The FDA Wants to Make Sunscreen Safer, Finally

22 Feb

On Thursday, the FDA announced that it is beginning a process to update regulatory requirements for sunscreen products. The proposed rules seek to bring over-the-counter sunscreen regulation into the 21st century.

“Some of the essential requirements for these preventive tools haven’t been updated in decades,” FDA Commissioner Scott Gottlieb said in a statement. “Today’s action is an important step in the FDA’s ongoing efforts to take into account modern science to ensure the safety and effectiveness of sunscreens.”

The FDA has reexamined some common active ingredients in sunscreens, and will continue to do so, looking to determine whether they are safe and effective. Of the 16 total active ingredients the agency is evaluating, two have been approved and two have been determined to be unsafe. The agency is asking the industry and other interested parties for additional data on the remaining 12, which includes the active ingredient oxybenzone.

Rowan Jacobsen wrote in Outside’s recent online feature “Is Sunscreen the New Margarine?” that oxybenzone has been found to be a hormone disruptor “that can be detected in users’ blood and breast milk.” It has already been banned in Hawaii and the western Pacific nation of Palau because it “mutates the DNA of corals and is believed to be killing coral reefs.”

According to David Andrews, a senior scientist at the Environmental Working Group, the burden to prove whether active ingredients like oxybenzone are safe is on the industry, and, if it cannot do so, those will be disallowed from over-the-counter sale. “In the meantime, those ingredients can stay on the market, they're not coming off the market, but the clock is ticking on them,” he said, adding that oxybenzone is in the majority of products that might be found at your local pharmacy.  

The two active ingredients that have already been marked as safe are zinc oxide and titanium dioxide. The two that are no longer considered safe and effective for use are PABA and trolamine salicylate, which, according to Andrews, have not been in products on the market for years.

In issuing the proposal, the FDA is looking to establish what it calls “final monograph regulations” for over-the-counter sunscreens, something that is required by the Sunscreen Innovation Act. Essentially, this would create clear cut rules for the sunscreen industry. The deadline for that monograph is November. As for those ingredients still outstanding, “They can't be a part of the final monograph if they are not recognized as generally safe and effective,” said Andrews.

The FDA says additional data on sunscreens that come in the form of powders is needed to determine their safety. The same goes for new products such as wipes, towelettes, body washes, and shampoos.

In addition to the proposals regarding product form and ingredients, the agency also addressed labeling. The maximum SPF on labels is set to increase from 50+ to 60+ and active ingredient information would have to be conveyed on the front of the package, much like other over-the-counter drugs. Also, as a sunscreen’s SPF increases, its UVA radiation protection would have to increase by a similar magnitude, “to ensure that these products provide consumers with the protections that they expect.”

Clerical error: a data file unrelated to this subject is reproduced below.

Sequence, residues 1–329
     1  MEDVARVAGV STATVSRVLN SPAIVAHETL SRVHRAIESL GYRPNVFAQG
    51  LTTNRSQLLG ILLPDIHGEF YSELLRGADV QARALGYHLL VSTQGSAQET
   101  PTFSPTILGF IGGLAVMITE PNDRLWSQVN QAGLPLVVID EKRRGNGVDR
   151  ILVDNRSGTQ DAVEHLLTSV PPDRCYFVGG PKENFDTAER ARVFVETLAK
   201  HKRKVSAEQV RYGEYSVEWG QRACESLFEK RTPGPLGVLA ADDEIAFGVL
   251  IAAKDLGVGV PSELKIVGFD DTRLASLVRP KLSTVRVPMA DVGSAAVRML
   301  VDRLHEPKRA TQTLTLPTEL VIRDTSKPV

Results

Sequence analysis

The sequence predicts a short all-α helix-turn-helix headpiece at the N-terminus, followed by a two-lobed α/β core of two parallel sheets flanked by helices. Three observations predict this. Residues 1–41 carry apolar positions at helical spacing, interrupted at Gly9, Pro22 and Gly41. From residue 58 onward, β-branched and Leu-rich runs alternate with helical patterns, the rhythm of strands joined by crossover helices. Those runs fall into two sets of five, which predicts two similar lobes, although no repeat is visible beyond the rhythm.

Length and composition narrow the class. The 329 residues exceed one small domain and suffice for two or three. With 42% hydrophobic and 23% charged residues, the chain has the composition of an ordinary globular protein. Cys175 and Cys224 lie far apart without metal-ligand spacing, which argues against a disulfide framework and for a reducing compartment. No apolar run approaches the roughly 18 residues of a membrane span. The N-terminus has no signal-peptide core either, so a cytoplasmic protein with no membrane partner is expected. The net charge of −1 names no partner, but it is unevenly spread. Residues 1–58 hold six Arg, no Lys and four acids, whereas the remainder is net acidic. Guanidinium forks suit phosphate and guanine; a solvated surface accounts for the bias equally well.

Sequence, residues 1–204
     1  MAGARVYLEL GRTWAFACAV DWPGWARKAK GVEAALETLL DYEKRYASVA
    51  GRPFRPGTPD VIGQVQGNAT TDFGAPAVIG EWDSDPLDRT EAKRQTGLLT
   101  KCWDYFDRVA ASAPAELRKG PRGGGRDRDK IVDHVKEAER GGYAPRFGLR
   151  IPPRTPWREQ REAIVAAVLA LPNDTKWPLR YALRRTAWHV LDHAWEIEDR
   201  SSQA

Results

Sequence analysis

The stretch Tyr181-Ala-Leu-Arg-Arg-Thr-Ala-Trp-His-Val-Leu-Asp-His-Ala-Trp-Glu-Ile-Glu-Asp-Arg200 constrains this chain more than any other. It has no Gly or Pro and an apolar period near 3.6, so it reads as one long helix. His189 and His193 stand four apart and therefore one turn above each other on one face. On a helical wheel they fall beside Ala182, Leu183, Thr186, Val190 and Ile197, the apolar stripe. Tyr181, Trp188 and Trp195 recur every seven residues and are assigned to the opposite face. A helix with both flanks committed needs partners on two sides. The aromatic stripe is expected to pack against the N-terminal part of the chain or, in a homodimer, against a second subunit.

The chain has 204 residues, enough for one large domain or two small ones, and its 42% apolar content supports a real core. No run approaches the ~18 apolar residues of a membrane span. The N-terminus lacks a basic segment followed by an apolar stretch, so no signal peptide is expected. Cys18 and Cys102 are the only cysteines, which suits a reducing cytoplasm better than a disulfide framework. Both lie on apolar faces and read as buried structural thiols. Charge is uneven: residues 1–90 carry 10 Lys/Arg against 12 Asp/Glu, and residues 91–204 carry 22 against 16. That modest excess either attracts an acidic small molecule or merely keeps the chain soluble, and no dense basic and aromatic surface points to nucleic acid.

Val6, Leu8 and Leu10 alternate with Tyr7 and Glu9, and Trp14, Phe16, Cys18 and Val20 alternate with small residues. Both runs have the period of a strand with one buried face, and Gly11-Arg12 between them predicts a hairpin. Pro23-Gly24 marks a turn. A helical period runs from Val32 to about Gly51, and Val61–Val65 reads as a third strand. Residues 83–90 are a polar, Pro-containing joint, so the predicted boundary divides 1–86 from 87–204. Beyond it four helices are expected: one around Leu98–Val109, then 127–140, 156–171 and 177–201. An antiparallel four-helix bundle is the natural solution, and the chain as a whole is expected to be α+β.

Andrews said the current rules were written when people would apply sunscreen when they went to the beach. Now, people apply it everywhere, all the time. According to him, the new proposal will even the playing field between the established companies with their preferred active ingredients and the ones popular in other countries that are vying for U.S. approval. “All these companies need to step up to the plate to validate themselves,” he said.  

Why These Guys Slacklined Across the Mexico-U.S. Border

20 Feb

On January 25, the last day of the government shutdown as politicians played a game of tug-o-war over President Trump’s demand for a border wall, Corbin Kunst was on a rope strung between Mexico and the United States. The 27-year-old ropes-course technician from Petaluma, California, balanced on a slackline connecting Big Bend National Park with the Mexican Parque Nacional Cañon de Santa Elena, hundreds of feet above the Rio Grande. His friend, 26-year-old Bend, Oregon-based filmmaker Kylor Melton, directed the filming of this feat. On Monday, the team released this footage, a trailer for a longer film about the highline to come out soon.

In addition to Kunst and Melton, the team included several other Americans and Mexican nationals, including one more slackliner, Jamie Marrufo, who also completed the walk between the two countries. We had questions about the project, so we caught up with the young duo. 


OUTSIDE: Why slackline the border and why now?
CORBIN KUNST: I first saw a picture of the canyon, Santa Elena, a couple of years ago actually, and it was always kind of a pipe dream. I thought, "How cool would it be to break this epic highline over the Rio Grande and it connecting two countries?" From the beginning the idea was to always have a Mexican team and a U.S. team working together and have that harmony—have it be this symbol of trust. When you rig a highline, you're literally putting your life in your team’s hands. I always thought that would be really beautiful, simple, and a really powerful project. As things developed in our current times—tension with Mexico politically going as far as it’s gone—I told my idea to Kylor.

KYLOR MELTON: This was like three weeks ago. Corbin hit me up with this idea and was like, "Hey, I have this super distant idea that I'm thinking about doing." And I was like, "Bro, can you be at my house tomorrow?"

What went into making this idea come to life? What were the logistics?
CK: The Mexican team rigged their anchor and we rigged our anchor and it was completely up to them. I know everyone on the Mexican team, and I helped form that team. I already had trust in them—I knew that they knew what they were doing. No one had to guide them or guide us. We just kind of split up and worked together, which is really cool.